Close call - be careful out there on the hiway!
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  1. #1
    Member janddsnyder's Avatar
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    A fellow TDubber very nearly got run over today on Route 50 in Colorado at Monarch Pass. Some...some....."knucklehead" (trying to keep it clean here) driving a camper rig down the mountain crossed over the double yellow line to pass the guy in front of him just as our fellow TDubber was coming up the mountain. Thankfully our friend on the TW was alert and quick and got off to the side of the road or he'd have been toast. Be careful on the hiways out there friends!

  2. #2
    Senior Member peruano's Avatar
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    As a TW rider occasionally riding slower than traffic and less conspicuous than a cager coming from the other way, and a bicyclist who is often riding the white line and alert to oncoming traffic, I know that folks are often unalert enough to focus on that small image in front of them. Defense is the best method for avoiding problems from oncoming passers - they'll claim they didn't see you every time. Ride defensively and stay well. Tom
    Tom - TW200 2002, Kawasaki VN 500 2006

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  3. #3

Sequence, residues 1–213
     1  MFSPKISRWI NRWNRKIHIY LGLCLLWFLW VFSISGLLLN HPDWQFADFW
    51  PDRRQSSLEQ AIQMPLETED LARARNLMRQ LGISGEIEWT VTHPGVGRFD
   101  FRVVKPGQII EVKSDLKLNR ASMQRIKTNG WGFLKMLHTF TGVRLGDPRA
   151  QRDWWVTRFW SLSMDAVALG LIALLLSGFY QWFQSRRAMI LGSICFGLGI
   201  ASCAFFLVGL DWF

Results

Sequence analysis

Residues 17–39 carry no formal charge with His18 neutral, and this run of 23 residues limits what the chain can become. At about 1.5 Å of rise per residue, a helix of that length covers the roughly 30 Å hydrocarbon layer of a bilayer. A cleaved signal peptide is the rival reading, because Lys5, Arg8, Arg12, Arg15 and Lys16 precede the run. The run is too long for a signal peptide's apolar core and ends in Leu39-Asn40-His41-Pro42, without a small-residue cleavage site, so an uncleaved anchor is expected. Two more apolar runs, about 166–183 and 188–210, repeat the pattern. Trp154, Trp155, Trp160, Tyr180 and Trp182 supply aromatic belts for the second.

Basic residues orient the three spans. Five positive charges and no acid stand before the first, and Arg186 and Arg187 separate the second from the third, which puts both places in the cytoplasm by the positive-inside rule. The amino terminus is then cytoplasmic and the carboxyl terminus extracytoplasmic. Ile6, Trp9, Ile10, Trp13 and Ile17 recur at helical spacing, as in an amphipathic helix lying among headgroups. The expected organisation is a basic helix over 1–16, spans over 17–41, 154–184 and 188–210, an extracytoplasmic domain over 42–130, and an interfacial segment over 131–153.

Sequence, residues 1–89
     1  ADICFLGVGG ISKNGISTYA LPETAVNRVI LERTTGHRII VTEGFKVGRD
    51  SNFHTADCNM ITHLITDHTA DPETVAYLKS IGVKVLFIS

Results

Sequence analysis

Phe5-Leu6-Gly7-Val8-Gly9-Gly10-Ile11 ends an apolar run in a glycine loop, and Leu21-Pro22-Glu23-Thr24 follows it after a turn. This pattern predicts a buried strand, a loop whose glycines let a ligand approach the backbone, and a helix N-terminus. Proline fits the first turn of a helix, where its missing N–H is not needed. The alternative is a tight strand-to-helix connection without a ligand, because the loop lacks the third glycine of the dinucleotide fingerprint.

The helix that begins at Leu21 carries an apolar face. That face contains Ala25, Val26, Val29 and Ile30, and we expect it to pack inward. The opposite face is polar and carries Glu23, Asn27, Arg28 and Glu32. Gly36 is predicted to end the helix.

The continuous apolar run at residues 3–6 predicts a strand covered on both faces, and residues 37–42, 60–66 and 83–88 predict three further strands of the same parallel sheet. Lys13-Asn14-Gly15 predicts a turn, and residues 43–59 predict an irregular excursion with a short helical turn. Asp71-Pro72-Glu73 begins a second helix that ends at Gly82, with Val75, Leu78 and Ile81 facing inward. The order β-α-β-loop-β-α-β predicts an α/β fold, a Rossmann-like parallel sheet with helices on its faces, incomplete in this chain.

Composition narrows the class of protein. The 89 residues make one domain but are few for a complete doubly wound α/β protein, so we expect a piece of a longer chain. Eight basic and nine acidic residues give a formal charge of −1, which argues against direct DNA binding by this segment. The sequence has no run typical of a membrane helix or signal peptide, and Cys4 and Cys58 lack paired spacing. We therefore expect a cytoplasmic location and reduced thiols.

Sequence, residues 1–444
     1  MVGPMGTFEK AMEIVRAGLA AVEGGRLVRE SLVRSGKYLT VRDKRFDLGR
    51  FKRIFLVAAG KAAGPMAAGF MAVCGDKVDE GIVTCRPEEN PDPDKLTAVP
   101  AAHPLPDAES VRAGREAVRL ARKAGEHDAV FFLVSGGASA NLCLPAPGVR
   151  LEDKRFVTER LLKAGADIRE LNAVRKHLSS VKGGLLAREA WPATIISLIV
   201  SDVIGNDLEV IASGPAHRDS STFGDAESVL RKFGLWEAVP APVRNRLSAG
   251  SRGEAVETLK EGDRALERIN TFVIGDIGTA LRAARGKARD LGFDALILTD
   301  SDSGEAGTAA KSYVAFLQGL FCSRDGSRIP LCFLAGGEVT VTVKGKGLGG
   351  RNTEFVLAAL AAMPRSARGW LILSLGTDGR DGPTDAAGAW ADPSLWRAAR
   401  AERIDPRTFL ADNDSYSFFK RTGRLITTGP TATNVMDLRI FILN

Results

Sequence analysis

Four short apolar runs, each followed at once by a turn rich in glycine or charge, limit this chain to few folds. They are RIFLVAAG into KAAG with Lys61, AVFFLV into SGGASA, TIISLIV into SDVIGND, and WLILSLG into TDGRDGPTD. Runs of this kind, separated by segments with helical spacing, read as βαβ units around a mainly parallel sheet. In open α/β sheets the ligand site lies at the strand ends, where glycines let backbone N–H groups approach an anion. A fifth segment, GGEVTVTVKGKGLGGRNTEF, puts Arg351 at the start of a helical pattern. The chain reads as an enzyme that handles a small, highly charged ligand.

Senior Member DonBenito's Avatar
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    Quote Originally Posted by pastor-teacher View Post
    A fellow TDubber very nearly got run over today on Route 50 in Colorado at Monarch Pass. Some...some....."knucklehead" (trying to keep it clean here) driving a camper rig down the mountain crossed over the double yellow line to pass the guy in front of him just as our fellow TDubber was coming up the mountain. Thankfully our friend on the TW was alert and quick and got off to the side of the road or he'd have been toast. Be careful on the hiways out there friends!




    Unfortunately this kind of thing is way too common. I've had enough people apparently not see me coming when I'm driving my Suburban to develop a kind of hyper-vigilance about other motorists while 2-wheeling it.



    On my second commute riding my TW (I'm up to 4 now!) an off-duty AMBULANCE pulled out in front of me. I guess there's worse vehicles to get into a wreck with, but fortunately I was able to stop in time.



    The best advice I've seen on here is to pretend that you're invisible when you're out riding. Assume that every car will pull out in front of you, every motorist won't see you coming, and the car in the next lane actually is about to merge into you and when it really happens you'll be ready.
    2011 TW200 - Sold - after 9700 miles and 1,000,000 smiles. So long Tee Dub!
    2012 KLR650
    - Sold
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  5. #4
    Senior Member mhomadness's Avatar
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    2nd that! In MMI we had a discussion about how people don't look for motorcycles. It's true. If a driver does not look specifically for something, they simply don't see it. It's a psychological thing. In drivers ed they talk about watching out for cars, train crossings, kids running out in the street, but for some reason, they seem to put a low priority or skip completely the idea of being aware of a popular vehicle sharing the road with them, the motorcycle.